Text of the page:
Despite Wall Street’s ongoing bearish sentiment, new exchange-traded funds (ETF) have continued to reach the market in impressive numbers in 2022. ETFs listed in the US currently have more than $5.5 trillion under management. Globally, there are over 8,500 such funds.
Recent research by Brown Brothers Harriman further suggests:
“Active strategies represented about 10% of global net inflows in 2021, driven mostly by U.S. investors.”
Alpha And Beta
Potential ETF investors are likely to note two terms, namely, ‘alpha’ and ‘beta,’ as they research funds that could be appropriate for their portfolio objectives.
Many of our readers would know the beta (β) of an asset is a measure of the of its returns in relation to the broad market. The scale starts at 1; thus, a fund with a beta of 1.3 would be 30% more volatile than the market.
For example, if the rises 10%, an asset with a beta of 1.3 is expected to rise by 13%. However, a fund’s beta does not indicate its strengths or weaknesses.
For instance, academic research highlights that:
“High-beta stocks should earn higher average returns than low-beta is the cornerstone of modern finance. Empirical evidence […] does not support this prediction.”
Therefore, the beta of an asset is only one of the many tools when investors analyze funds or stocks.
The next concept we want to discuss briefly is alpha (α), or the measure of the performance of an investment compared to a benchmark index, such as the S&P 500. If, for example, a fund returned 20% in a year when the S&P 500 rose only 10%, that fund has a higher alpha or excess return.
Many investors are now looking for ETFs with higher alphas, given the uncertainty about broader market behavior for the rest of the year.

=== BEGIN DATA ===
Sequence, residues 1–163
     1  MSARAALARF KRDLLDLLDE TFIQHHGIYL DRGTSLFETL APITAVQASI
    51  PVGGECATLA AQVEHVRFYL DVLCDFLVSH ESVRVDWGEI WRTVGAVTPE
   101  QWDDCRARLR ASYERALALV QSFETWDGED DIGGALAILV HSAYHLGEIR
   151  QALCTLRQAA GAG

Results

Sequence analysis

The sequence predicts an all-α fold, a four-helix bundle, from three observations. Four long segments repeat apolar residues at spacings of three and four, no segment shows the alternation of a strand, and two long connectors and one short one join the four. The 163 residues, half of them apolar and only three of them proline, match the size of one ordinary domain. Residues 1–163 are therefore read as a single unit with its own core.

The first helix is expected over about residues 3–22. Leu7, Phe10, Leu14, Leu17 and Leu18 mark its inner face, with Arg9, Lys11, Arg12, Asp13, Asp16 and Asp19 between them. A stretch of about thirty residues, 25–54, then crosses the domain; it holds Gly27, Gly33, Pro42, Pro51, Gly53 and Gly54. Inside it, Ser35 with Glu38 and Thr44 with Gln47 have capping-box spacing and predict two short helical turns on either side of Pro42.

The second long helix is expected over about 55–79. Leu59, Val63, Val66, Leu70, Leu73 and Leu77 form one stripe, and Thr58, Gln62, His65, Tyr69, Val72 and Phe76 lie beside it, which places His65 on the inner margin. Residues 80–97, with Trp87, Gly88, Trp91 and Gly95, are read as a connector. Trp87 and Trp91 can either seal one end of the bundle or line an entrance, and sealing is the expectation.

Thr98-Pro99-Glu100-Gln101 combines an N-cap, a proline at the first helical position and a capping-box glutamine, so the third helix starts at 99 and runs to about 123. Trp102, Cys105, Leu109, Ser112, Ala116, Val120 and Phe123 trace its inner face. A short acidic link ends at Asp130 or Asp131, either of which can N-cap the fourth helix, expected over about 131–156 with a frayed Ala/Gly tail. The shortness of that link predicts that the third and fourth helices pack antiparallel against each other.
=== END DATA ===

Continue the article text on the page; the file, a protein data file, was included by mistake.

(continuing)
There are currently hundreds of alpha-seeking ETFs stateside. Alpha values can help rank the performance of such actively managed funds. However, we should remind readers that both alpha and beta values are historical and do not imply future performance and returns.
Today’s article introduces a fund that could appeal to potential investors looking for excess returns outside the US.
FCF International Quality ETF
- Current Price: $30.21
- 52-week range: $30.01 – $37.71
- Dividend yield: 1.4%
- Expense ratio: 0.61% per year
The FCF International Quality ETF (NYSE:) is an actively managed fund that provides broad exposure to international equities. Fund managers focus on companies with strong free cash flows and seek to exceed the total return of the S&P Developed Ex-U.S. BMI NTR Index. Environmental, social, and corporate governance (ESG) criteria are also important for stock selection.
TTAI, which started trading in June 2017, currently has 136 stocks. The top 10 holdings comprise roughly 17% of $58.3 million in net assets.
Sub-sectoral exposure includes industrials (21.5%), financials (14.1%), information technology (13.4%) and consumer discretionary (11.3%), among others. Over 10% of the companies come from the UK. Next in line are those from Switzerland (9.7%), Japan (8.7%), Canada (8.5%), Australia (7.7%), and China (6.1%)
Global healthcare names, such as Denmark-based Novo Nordisk (NYSE:) and Swiss Roche Holding (OTC:); Royal Bank of Canada (NYSE:); Netherlands-headquartered ASML Holding (NASDAQ:); and information and analytics provider Relx (NYSE:) are among the top stocks on the roster.
TTAI is down more than 16.8% since January and 13% over the past 12 months. Yet, since inception, the annualized return has been over 7%.
We also believe that companies that constantly generate high free cash flows deserve investors’ attention. This crucial metric gives an important insight into the health of a company and whether it has available cash that can be used to create shareholder value. Therefore, despite the recent decline in the ETF, it could potentially belong in many retail portfolios.
Finally, those investors looking for a comparable ETF that focuses on US stocks with strong FCF may want to research the FCF US Quality ETF (NYSE:). The fund has declined 11.3% since January and 6.1% over the past year.